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Himalayan Herbs for Immunity (2)

Himalayas serves as an abode to a number of auspicious herbs and medicinal plants that has been used from time immemorial to ease and cure some of the deadliest diseases. The Indian Himalayas is home to more than 8000 species of vascular plants of which 1748 are known for their medicinal properties. The place has become the heart of Ayurveda treatment and holistic health for serious disease management from across the globe. The effectiveness and efficiency of treatment from some of these are undeniably the finest. Medical researches have proven the adequacy of herbs used traditionally by the people of mountains. Some of those being the bark of raisul (Abies pindrow), the roots of chura (Angelica glauca), the leaves and seeds of bhaang (Cannabis sativa), the fruit of amaltas (Cassia fistula) and many many more.

While kandali, solo, keedajadi and harad were discussed in another article, here is a list of other territorial Himalayan Herbs that are a must have in one's kitchen for general remedies and boosting one's immunity:

1. Kadwi || Kutki or Katuki

Scientific Name: Picrorhiza kurroa

The bitter roots of this perennial herb works magic for liver and spleen. It is a rare and traditional herb from the Himalayan heights. Katuki finds mention in the ancient Ayurveda texts from Maharishi Charak, compiled more than 2500 years ago. It acts as solution to problems relating to liver detox, fatty liver, uric acid, cirrhosis and bile disorders. Its major funtion is liver detoxification and degeneration. However, locals have been using it for its antipyretic properties as well. It soothes and fights the inflammation responsible for the sudden chills and body heat. Katuki is also known to help those with diabetes, psoriasis, vitiligo(research yet to be concluded), hormonal imbalance and asthma. Although kutki grows in upper Himalayas, far away from the community, its therapeutic importance has led people to cultivate it (with difficulty) in the lower Himalayas as well.

2. Giloy || Heart-leaved moonseed

Scientific Name: Tinospora cordifolia

This Ayurvedic root of immortality, as its Sanskrit name 'Amrita' suggests, is an elixir in the traditional remedy and healthcare zone. Giloy, also known as guduchi, is a climbing shrub and is indigenous to tropical regions of the Indian subcontinent. Its mythological origin is traced back to samudramanthan, where it is said to have germinated in places which were touched by the drops of amrit produced. Giloy is rich in antioxidants and therefore helps boost the immunity. It is consumed by people who catch typhoid fever and is quite effective. Giloy also helps purify blood, flush out toxins, combat liver and heart diseases, treat bowel related issues, constipation and asthmatic and arthritis patients. The herb also does wonders to skin and hair. Giloy acts an anti depressant for anxiety and stress. It is naturally a hypoglycemic agent that reduces high level of blood sugar and is apt for people with type 2 diabetes. Giloy can be made into juice or powder. The stem of the plant is the powerhouse of all the assets but the roots can also be used.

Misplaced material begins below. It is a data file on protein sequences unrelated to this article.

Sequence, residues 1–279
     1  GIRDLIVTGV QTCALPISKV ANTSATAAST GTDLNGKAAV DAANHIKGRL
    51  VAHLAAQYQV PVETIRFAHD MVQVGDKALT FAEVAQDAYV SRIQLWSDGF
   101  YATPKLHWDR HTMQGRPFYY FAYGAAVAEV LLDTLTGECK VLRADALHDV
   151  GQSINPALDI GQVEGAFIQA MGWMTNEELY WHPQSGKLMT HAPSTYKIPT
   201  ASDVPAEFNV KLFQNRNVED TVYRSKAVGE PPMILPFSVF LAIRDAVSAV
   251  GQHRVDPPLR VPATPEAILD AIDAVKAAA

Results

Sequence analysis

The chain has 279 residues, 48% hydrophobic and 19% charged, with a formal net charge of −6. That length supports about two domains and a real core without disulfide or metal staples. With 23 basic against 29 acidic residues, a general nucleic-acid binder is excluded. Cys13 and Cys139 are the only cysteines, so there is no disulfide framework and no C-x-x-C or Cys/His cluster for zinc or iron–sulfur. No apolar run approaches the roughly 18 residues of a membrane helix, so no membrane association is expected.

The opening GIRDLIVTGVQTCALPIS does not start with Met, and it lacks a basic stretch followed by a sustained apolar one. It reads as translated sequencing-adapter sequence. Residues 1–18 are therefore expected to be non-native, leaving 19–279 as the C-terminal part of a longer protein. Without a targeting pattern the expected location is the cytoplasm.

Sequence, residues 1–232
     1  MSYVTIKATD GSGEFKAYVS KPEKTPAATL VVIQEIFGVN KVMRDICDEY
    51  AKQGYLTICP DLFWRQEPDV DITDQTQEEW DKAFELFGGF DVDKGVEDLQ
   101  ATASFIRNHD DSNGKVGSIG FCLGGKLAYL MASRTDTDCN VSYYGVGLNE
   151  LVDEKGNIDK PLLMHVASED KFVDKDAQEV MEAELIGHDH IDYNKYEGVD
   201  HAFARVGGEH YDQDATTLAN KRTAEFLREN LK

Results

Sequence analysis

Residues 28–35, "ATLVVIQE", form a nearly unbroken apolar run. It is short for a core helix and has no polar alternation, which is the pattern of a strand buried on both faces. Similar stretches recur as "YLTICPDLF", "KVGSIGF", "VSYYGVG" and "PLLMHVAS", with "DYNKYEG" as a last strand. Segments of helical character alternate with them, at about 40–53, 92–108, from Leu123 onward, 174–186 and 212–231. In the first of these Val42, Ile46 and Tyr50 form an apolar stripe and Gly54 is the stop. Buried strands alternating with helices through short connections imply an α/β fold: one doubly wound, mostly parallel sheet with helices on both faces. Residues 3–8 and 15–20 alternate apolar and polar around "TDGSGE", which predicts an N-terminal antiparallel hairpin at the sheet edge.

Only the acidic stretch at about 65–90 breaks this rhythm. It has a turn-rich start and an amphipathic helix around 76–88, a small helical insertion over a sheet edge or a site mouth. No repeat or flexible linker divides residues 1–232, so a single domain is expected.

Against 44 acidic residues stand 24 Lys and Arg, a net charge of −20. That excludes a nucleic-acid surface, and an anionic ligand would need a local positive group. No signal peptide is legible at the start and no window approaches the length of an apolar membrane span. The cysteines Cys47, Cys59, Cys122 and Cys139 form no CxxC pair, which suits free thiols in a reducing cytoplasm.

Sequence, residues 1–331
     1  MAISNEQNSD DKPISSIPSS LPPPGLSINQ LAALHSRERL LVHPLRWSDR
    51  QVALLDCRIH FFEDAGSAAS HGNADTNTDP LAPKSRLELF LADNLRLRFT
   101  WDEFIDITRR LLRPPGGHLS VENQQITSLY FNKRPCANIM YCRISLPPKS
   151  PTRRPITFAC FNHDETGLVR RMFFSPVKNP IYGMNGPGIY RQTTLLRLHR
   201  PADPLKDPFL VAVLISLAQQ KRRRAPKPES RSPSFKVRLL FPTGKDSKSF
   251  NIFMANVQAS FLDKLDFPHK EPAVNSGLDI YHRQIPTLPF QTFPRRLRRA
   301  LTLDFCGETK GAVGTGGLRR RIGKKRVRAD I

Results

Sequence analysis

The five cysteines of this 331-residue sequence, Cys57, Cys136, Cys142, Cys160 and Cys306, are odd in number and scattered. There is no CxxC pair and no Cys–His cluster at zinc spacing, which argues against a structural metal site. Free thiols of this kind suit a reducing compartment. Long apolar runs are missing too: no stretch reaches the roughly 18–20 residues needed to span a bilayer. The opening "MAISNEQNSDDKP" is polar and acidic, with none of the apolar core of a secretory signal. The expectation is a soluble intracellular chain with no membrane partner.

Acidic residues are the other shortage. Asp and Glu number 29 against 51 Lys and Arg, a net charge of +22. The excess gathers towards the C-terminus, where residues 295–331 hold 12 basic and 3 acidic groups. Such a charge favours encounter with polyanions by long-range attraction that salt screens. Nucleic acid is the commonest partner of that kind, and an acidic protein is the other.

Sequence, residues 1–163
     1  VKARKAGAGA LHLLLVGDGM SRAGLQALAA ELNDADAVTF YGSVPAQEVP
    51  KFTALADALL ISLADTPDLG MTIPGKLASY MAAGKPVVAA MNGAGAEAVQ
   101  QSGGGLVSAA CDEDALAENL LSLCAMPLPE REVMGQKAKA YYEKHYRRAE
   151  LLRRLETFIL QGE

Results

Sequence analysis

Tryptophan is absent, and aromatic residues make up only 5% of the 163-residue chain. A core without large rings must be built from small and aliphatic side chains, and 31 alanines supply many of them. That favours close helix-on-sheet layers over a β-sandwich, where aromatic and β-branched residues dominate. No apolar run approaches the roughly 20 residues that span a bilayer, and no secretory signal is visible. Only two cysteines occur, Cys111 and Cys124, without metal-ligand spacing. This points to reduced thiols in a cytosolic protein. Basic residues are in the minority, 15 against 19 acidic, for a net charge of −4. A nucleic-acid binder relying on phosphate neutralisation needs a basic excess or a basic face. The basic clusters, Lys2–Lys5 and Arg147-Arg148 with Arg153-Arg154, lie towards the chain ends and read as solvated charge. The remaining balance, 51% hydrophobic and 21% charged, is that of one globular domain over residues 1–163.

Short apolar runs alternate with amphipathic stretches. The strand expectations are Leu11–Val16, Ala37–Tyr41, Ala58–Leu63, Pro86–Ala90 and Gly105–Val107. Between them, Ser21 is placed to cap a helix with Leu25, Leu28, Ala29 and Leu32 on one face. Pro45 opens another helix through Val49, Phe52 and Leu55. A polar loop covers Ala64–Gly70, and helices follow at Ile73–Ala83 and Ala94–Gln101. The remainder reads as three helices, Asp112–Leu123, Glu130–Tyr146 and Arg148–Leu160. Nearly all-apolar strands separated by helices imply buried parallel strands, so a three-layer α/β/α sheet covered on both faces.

3. Silphoda || Fringed elephant's ears

Scientific Name: Bergenia ciliata

The Hindi & Sanskrit name for Bergenia ciliata is pashanbhed (पाषाणभेद), known commonly as pathar phod buti. The roots of the perennial, low-growing plant is harvested from the wild for its medicinal values. It can be made into a powder or juice for consumption. The herb gets the unique local name from its effectiveness on kidney stones in particular. It is, locally, a well accepted medication for dissolving stones of the kidney. It shows much potential in the treatment of fever, diarrhoea, cough, cold, asthama, urinary problems and gastrointestinal disorders. The plant has high antifungal, antiviral, anti plasmodial and antibacterial properties. B.Ciliata can also be considered for relieving backaches and earaches.

4. Dolu || Himalayan Rhubarb

Scientific Name: Rheum australe

Commonly called Himalayan rhubarb or red-veined pie plant, Dolu is grown in the Himalayas as a medicinal and vegetable herb. It finds mention in the Unani system of medicine and the European system of medicine where it was traded as Indian rhubarb. The Chinese appear to be familiar with the curative properties of Rhubarb since 2700 BC. Root of the plant is generally regarded as an expectorant and appetizer and is used for cuts, wounds, muscular swellings, tonsillitis and mumps, etc. It is known to cure a wide range of ailments related to the circulatory, digestive, endocrine, respiratory and skeletal systems as well as to treat several infectious diseases. Various ancient texts also mention it to help with blood purification, menstrual problems and liver diseases. The locals generally make a paste of its roots mixed with ghee and apply it on burns, wounds and cuts. Its extensive use by medical industries has rendered this magic herb endangered.

The folk medicines of the mountains are the treasure of the Himalayan people. They've been passed on this knowledge and application by their ancestors. The diversity concentrated in the Himalayan belt certainly needs to reach more people for a shot at natural quick fixes and good health. And with the same outlook, we promise to keep enlightening you with some more in the Himalayan Herb series!!

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